Among the Latin American writers who take their places on Abhay’s stage are Cortazar, Garcia Marquez, Castro Alves, Jorge Amado, Lispector, Mistral, Neruda, Fuentes, Paz, and Vallejo, their collective presence a marvelous invitation to the reader to further explore their work and that of others mentioned in the book. Building such bridges between cultures must be instinctual for a diplomat, and this work dutifully celebrates the ties between Latin America and India. The Ambassador Abhay remembers Victoria Ocampo, who was Tagore’s great muse, and imagines himself as Cecilia Meireles, whose poetry was deeply influenced by both Tagore and Gandhi. In bringing these two civilizations together, the poet merges their landforms, letting the waters of the Ganga and Urubamba mingle and allowing the Andes to serve as the setting for the Hindu myth of the Churning of the Ocean (Samudra Manthan). The poet here becomes a shape-shifting shaman, soaring over the Andean peaks and seeking mummy-hood and reincarnation into a hummingbird or condor. Figures and themes from one culture are transplanted into the other; at the Mayan citadel of Tikal, he is reminded of the Mahabodhi temple in Bodhgaya, imagining a Mayan Buddha meditating under a local equivalent of the peepul tree.

Though the poems are often panoramic, the images sometimes fail to cohere together, due in part to the limited use of figurative language. Certain poems may also have benefited from greater syntactic variation and experimentation. These, however, are small failings given the overall impact. And light as the verse often is, the poems do not shy away from darker passages of the region’s history. The events of the duplicitous capture of the last Inca emperor Atahualpa and his final garroting are narrated by the victim himself, in keeping with the traditions of magical realism.

The extreme brutality of Latin America’s political past and the continued instability of the globalized present make one wonder about the poet-diplomat’s stance towards history and time itself. In his response to one of Ruben Dario’s most melancholy poems, Abhay proposes a hopeful humanism:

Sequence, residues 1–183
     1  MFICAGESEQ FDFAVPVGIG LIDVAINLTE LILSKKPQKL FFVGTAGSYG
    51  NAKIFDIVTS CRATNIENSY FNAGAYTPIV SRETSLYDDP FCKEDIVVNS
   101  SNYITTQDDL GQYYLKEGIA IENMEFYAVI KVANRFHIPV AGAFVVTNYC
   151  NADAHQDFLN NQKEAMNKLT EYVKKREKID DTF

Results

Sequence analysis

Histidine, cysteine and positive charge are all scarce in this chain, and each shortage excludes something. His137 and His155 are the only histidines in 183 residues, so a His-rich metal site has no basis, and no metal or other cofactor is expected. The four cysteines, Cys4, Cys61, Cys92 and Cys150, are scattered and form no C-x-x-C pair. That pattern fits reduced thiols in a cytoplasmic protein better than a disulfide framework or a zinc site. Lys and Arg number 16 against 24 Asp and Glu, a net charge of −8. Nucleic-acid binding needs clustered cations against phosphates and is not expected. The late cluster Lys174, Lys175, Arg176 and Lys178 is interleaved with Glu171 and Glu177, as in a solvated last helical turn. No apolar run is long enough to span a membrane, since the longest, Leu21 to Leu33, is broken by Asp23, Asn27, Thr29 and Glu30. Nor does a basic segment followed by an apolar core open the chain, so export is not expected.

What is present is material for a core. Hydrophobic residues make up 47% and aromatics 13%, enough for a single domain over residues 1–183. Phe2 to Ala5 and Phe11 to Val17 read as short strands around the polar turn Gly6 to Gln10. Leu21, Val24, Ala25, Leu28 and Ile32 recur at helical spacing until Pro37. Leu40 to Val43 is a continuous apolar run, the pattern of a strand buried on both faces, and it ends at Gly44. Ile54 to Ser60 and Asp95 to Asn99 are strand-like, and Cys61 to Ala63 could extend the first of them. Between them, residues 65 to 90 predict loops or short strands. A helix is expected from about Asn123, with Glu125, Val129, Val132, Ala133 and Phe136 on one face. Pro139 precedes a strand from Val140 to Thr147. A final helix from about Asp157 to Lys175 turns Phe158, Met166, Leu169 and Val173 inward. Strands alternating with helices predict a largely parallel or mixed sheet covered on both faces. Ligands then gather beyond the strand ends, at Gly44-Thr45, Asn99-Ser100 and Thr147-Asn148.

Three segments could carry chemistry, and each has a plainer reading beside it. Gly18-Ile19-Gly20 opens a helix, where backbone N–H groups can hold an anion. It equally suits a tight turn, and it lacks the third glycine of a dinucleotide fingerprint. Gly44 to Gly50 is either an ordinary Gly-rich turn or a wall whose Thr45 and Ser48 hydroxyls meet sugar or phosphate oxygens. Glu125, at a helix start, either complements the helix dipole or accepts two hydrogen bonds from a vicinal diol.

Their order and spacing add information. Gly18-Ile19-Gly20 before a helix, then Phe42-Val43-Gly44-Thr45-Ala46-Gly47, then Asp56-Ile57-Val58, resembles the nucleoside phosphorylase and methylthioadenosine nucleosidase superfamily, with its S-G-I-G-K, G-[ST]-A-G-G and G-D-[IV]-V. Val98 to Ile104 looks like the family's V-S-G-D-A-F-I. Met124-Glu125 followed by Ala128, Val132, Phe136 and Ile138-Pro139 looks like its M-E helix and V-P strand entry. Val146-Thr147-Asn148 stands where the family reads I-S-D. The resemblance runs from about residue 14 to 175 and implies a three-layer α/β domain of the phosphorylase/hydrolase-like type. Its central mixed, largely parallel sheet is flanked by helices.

Man is happy for he is alive
like a Quetzal full of colors—flying
no greater joy than to live and thrive
no deeper despair than dying
to be, to know, to find one’s way
the bliss of having lived and to hope
that tomorrow will be better than today

In a commentary on the ‘dancing stones’ of Macchu Picchu, where the mortar-free stone masonry quietly settles back into place after earthquakes, Abhay offers this succinct advice:

those who dance, endure and stay
those who don’t, are blown away.

Inderjeet Mani (@InderjeetMani) studied fiction with Carlos Fuentes and has had a long personal involvement with the literature of Latin America. A former professor and scientist from the US, he is now a fulltime writer living on the Gulf of Thailand. Mani has authored two novels Toxic Spirits (2019) and The Conquest of Kailash (forthcoming), tpgether with many other titles from Oxford, Nebraska, MIT, and elsewhere, as well as shorter literary and scientific works.

Abhay K is an Indian poet-diplomat and India’s twenty-first Ambassador to Madagascar and Ambassador to Comoros. He has previously served in diplomatic capacities in Russia, Nepal and Brazil. His published collections of poetry include Monsoon, The Magic of Madagascar, The Prophecy of Brasilia, The Eight-Eyed Lord of Kathmandu, and The Seduction of Delhi. Books he has edited include CAPITALS, 100 Great Indian Poems, 100 More Great Indian Poems, New Brazilian Poems, The Bloomsbury Anthology of Great Indian Poems, and The Bloomsbury Book of Great Indian Love Poems.